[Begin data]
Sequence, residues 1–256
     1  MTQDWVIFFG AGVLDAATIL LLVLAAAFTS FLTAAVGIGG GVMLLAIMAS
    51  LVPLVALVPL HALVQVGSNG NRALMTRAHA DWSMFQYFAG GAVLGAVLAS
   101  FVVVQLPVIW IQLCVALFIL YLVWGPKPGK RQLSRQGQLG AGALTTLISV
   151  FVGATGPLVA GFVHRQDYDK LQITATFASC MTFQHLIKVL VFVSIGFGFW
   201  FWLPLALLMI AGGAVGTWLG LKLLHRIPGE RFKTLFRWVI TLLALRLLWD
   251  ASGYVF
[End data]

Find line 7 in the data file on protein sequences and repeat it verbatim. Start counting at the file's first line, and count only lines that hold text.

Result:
   251  ASGYVF